A new computer simulation is assisting in the quest for the source of cosmic rays


The coloured lines show how cosmic rays are deflected in magnetic fields. The white straight lines represent a large-scale magnetic field. In addition, small-scale magnetic fields not shown here act on the paths of the particles (coloured lines). Credit: RUB, Dr. Lukas Merten
The coloured lines show how cosmic rays are deflected in magnetic fields. The white straight lines represent a large-scale magnetic field. In addition, small-scale magnetic fields not shown here act on the paths of the particles (coloured lines). Credit: RUB, Dr. Lukas Merten

An international research team has created computer software that can mimic cosmic ray travel over space. The researchers think it will help them answer the puzzle of cosmic ray origins. So far, scientists don't know which celestial objects are responsible for the high-energy radiation that bombards the Earth from space. To explain experimental results, theoretical models are required; the new computer simulation may give them. The program is described in the Journal of Cosmology and Astroparticle Physics by a team of researchers from Ruhr-Universität Bochum (RUB).


Researchers have been trying to figure out where cosmic rays come from since their discovery 100 years ago. The difficulty is that when viewed from Earth, they appear to the naked eye to be equally brilliantly lighted virtually anywhere we look. This is due to the sun's light being dispersed in the Earth's atmosphere and spreading equally across the whole sky. Interactions with cosmic magnetic fields disperse cosmic rays on their journey to Earth. From Earth, all we can see is a uniformly lighted picture; the source of the radiation remains unknown.


According to Julien Dörner, a Ph.D. student at RUB, "our program CRPropa allows us to trace the trajectories of particles from their formation to their arrival on Earth for all energies that we can observe from Earth." We can also completely account for particle interactions with matter and photon fields in the cosmos.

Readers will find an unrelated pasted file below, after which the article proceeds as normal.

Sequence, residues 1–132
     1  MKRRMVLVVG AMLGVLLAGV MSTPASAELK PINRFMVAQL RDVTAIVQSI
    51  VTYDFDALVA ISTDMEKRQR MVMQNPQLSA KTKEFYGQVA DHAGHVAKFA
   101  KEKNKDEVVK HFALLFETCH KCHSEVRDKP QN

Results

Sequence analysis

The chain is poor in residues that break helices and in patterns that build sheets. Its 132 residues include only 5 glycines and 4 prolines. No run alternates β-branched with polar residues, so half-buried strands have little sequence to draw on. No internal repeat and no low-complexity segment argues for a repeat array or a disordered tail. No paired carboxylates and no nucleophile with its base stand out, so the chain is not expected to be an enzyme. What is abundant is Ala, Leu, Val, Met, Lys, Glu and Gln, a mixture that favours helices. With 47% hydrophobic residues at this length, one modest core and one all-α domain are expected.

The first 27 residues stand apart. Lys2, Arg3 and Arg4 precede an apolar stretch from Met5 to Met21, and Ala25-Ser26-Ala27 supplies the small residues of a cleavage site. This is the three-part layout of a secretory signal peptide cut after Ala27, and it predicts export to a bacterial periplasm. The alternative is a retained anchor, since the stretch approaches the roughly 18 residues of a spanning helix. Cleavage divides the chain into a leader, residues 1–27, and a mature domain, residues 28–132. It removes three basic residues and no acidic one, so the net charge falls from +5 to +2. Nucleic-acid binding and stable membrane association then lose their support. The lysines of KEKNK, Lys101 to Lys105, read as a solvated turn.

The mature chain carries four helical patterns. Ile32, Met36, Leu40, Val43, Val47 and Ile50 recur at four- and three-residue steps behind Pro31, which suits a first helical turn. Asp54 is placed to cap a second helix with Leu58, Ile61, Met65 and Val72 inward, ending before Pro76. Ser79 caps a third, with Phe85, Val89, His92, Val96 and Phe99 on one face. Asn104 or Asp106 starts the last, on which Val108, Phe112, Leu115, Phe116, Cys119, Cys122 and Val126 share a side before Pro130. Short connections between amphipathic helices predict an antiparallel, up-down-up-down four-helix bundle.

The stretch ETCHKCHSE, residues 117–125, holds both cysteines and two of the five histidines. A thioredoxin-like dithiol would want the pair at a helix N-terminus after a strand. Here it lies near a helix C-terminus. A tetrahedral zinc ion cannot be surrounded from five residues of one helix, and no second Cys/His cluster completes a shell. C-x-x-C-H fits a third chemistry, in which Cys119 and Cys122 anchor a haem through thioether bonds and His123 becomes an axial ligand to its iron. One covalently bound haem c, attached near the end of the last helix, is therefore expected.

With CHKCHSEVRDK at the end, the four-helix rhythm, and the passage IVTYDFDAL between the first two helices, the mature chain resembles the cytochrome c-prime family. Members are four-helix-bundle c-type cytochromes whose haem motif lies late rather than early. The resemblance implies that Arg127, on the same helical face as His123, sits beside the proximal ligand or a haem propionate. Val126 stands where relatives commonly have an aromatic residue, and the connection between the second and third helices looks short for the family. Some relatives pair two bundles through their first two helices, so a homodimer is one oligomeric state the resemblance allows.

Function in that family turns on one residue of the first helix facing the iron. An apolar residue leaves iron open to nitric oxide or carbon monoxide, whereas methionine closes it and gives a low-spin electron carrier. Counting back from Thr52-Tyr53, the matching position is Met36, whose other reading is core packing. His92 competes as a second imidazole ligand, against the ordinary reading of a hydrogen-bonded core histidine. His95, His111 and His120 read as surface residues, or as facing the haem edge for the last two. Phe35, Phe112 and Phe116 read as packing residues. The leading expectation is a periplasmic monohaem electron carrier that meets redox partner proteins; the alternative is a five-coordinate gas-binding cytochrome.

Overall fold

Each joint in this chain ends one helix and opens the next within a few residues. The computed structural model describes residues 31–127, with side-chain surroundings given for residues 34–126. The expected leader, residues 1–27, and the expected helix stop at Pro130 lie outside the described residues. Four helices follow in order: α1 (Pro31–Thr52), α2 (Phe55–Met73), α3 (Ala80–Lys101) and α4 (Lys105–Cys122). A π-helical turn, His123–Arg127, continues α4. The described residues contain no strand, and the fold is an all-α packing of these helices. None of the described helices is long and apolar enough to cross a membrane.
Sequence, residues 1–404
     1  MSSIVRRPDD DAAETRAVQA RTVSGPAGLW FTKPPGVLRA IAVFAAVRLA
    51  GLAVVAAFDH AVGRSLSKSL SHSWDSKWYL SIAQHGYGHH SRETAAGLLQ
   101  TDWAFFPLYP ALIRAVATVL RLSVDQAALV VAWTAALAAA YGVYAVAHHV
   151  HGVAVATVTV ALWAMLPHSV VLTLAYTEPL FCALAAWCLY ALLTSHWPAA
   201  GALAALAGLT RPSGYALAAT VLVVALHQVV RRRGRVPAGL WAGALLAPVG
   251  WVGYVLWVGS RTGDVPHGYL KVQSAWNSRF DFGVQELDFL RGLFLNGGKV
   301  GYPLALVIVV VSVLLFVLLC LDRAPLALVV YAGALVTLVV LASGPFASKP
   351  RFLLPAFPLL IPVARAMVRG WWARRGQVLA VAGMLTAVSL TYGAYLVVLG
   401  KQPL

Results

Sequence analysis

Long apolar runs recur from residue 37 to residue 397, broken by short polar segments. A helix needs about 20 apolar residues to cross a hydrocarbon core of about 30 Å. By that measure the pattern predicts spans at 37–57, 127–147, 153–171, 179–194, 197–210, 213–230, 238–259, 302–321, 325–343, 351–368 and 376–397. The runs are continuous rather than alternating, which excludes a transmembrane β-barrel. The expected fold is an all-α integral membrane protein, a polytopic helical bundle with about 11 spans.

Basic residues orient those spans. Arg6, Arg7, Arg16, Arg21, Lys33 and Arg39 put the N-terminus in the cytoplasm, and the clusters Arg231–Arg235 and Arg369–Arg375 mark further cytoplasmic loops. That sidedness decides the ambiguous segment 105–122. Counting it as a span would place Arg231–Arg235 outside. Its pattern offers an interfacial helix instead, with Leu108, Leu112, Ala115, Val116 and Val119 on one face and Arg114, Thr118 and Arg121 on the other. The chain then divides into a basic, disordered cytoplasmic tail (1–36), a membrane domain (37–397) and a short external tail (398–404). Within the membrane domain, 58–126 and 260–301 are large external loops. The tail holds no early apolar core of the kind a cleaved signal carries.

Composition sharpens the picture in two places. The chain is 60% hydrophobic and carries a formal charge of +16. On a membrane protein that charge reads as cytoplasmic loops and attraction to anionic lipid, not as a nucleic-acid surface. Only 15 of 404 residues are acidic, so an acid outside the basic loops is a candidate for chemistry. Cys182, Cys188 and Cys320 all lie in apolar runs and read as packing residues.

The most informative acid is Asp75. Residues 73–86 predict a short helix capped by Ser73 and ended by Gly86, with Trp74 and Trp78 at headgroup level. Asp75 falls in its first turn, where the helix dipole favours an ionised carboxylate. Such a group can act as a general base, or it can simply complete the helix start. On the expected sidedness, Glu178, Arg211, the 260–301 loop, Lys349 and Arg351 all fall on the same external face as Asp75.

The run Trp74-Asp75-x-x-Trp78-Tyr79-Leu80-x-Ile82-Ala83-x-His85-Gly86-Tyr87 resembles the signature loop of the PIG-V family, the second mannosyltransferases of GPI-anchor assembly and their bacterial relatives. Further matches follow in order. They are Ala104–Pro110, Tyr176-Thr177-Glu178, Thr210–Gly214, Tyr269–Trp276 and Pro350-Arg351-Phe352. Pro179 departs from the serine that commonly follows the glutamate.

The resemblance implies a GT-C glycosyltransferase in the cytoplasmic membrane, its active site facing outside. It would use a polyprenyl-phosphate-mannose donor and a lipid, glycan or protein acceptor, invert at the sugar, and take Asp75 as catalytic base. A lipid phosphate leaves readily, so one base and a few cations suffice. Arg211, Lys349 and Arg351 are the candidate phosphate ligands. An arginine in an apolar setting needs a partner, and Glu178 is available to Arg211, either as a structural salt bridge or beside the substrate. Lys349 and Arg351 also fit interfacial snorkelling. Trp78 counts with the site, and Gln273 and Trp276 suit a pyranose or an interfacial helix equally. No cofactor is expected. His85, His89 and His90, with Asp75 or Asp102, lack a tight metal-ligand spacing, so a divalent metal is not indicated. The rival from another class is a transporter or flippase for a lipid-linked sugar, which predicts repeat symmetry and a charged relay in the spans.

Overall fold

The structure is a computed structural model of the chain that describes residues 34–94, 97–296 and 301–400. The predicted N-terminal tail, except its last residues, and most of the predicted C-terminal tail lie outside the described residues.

The computer can simulate not just cosmic ray transmission but also neutrinos and gamma-ray signatures created by cosmic ray interactions.


Unlike cosmic rays, these message particles may be detected directly from their sources, according to Dr. Patrick Reichherzer, a postdoctoral researcher at RUB. We may also use the technique to forecast such signs from distant galaxies like as starbursts and active galaxies.

The simulation program given here is now the most complete software available, and it opens up new doors to the cosmos.


According to University of Wuppertal Professor Karl-Heinz Kampert, "we can explore new energy ranges in the simulation that couldn't be fully captured in such detail with the programs available to date." Most crucially, we can create and analyze a theoretical model that represents the shift from cosmic rays from our own Galaxy to a fraction from other galaxies.


A worldwide partnership of 17 researchers from Germany, Spain, the Netherlands, Italy, Croatia, England, and Austria resulted in the development of the simulation program. The RUB is the project's principal partner, with eight researchers. The experiment was carried out as part of the German Research Foundation-funded Collaborative Research Centre (CRC) 1491 The Interplay of Cosmic Matter.


According to CRC spokeswoman Professor Julia Tjus of the RUB, the article represents a significant step toward a quantitative explanation of cosmic ray transit and interaction in three dimensions. CRPropa will help scientists understand where cosmic rays come from. After all, we require theoretical computations to assist us comprehend the vast amounts of data collected by the different equipment that monitor the universe.

Journal Information: Rafael Alves Batista et al, CRPropa 3.2—an advanced framework for high-energy particle propagation in extragalactic and galactic spaces, Journal of Cosmology and Astroparticle Physics (2022). DOI: 10.1088/1475-7516/2022/09/035
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